Kikwete in trouble over FDLR, but does he really understand who they are? – By Frederick Golooba-Mutebi
Just over a fortnight ago, Jakaya Kikwete, President of Tanzania, kicked off a firestorm of controversy with what many in Rwanda and outside of it saw as a terrible faux pas. It started with what would have struck followers of events in the Great Lakes region, as a common-sense proposal by the head of state of a significant regional power.
On that day, the UN Secretary-General, Mr. Ban Ki-Moon and the Chairperson of the African Union Commission, Dr. Nkosazana Dlamini-Zuma, convened the first meeting of the recently signed agreement, the Regional Oversight Mechanism of the Peace, Security and Cooperation Framework for the Democratic Republic of Congo and the region. The framework which Mary Robinson, UNSG Special Envoy to the Great Lakes region, dubbed the “Framework of Hope”, seeks to tackle instability in the eastern Democratic Republic of Congo.
The framework’s objective is to get the signatory countries to work together to end the political impasse generating cycles of violence and, in the words of the UN Secretary-General, “generate new momentum towards human security and economic development”. The eagerness to move beyond violent conflict is encapsulated in the offer by the World Bank of 1 billion US dollars “to support social safety nets, cross-border trade, energy and essential infrastructure”.
It was against this background that President Kikwete urged his Rwandan and Ugandan counterparts to consider holding direct talks with the “negative forces” operating in eastern Congo. In Rwanda’s case he was referring to the Democratic Forces for the Liberation of Rwanda (FDLR), and for Uganda, the Allied Democratic Forces-National Army for the Liberation of Uganda (ADF-NALU).
Kikwete volunteered the advice in the light of the on and off talks that have been going on in Uganda over several months, between the Kabila government and one of the forces fighting it, the March 23 Movement (M23), allegedly supported by Rwanda. In the light of the Kampala talks, it must have seemed logical to the Tanzanian President that Uganda and Rwanda with their own insurgents in the DRC, should talk to them too, rather than seek to defeat them on the battlefield. President Kagame of Rwanda was in attendance. His Ugandan counterpart is reported to have given the vague undertaking to “talk to those who are willing”. For the government of Rwanda, the talking was left to Louise Mushikiwabo, the country’s Foreign Minister.
Ms Mushikiwabo is not known to throw words around carelessly. And so when she spoke to Radio France International, keen observers would have been left in no doubt that the message was well considered and well aimed. It was “aberrant” and “shocking”, she said, for any leader to suggest that the government of Rwanda hold talks with the FDLR. “Those who think that Rwanda should sit down at the negotiating table with FDLR simply don’t know what they are talking about,” she added, characterising the FDLR as “terrorists.”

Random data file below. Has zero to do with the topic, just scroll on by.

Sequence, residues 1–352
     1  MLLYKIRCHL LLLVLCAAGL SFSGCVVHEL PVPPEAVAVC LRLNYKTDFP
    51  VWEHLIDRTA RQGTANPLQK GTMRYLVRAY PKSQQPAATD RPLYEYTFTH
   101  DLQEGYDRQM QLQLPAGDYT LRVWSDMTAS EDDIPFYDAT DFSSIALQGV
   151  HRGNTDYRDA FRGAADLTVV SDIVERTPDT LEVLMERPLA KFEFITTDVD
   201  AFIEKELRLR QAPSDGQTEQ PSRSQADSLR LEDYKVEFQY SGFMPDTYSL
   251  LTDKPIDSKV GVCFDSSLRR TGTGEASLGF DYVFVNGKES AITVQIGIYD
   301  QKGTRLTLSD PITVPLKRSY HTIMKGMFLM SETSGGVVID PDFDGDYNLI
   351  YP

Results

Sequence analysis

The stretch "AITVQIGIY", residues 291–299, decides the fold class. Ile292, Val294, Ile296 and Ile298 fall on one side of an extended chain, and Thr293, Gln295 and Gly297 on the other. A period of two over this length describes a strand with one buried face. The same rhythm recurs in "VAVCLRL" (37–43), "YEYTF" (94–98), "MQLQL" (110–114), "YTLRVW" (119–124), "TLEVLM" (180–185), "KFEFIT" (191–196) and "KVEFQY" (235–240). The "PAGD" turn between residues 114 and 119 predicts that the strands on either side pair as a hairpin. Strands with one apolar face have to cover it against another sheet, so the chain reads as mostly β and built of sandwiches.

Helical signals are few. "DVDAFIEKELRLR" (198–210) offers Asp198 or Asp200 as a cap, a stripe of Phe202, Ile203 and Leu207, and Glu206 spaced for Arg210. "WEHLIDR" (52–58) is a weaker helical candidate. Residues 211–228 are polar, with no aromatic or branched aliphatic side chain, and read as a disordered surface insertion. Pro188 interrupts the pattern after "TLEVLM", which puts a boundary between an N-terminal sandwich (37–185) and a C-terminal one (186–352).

Kikwete’s suggestion would be justified if the FDLR, which he implicitly equates with the ADF-NALU and the M23, were merely another rebel group fighting for rights they have been denied, or for a share of power or a role in public life from which they have been excluded without justifiable reason. There are many grounds on which elements of M23 can make those claims, just as was the case with the former insurgents now in power in Uganda and Rwanda. It remains uncertain what the ADF-NALU are fighting for and what exactly negotiations with the Museveni government would be about. But what of the FDLR that Kikwete wants the government of Rwanda to engage in talks?
The FDLR is the armed wing of what remains of the Hutu Power movement whose leaders are driven by the conviction that ethnicity must determine who rules Rwanda, and that the majority Hutu, the supposed natives, must by right be the rulers. Their role in fomenting hatred and persecution of their Tutsi compatriots over the last 4 decades is well documented. It is both their determination to structure Rwanda’s politics along what they see as a “permanent fracture” between Hutu and Tutsi and their desire to wipe out the Tutsi to assert what they see as the rights of the Hutu, that have set the post-genocide government against engaging them in talks.
At the core of the post-genocide government’s rejection of talks with the FDLR lie two considerations. One is that many of the people it would have to negotiate with have indictments hanging over their heads for participation in planning and executing the 1994 genocide and have remained unrepentant. The question, at least for their would-be interlocutors in Kigali, is what to discuss with convicted criminals who feel no contrition for past crimes and who would repeat the same crimes given a chance to do so?
Second, politics in post-genocide Rwanda today entails the sharing of power and responsibility between the Rwanda Patriotic Front (RPF) and political forces and organisations that reject ethnicity as a political tool, and the exclusion of those, such as the FDLR, that do not. Negotiations with the FDLR would amount to opening the way for a political ideology to which the country owes past upheaval and associated mass murder. Clearly, the FDLR’s values and political programme are a direct affront to the foundation on which Rwanda’s post-genocide leadership wish to build the “˜new Rwanda’ of their aspirations.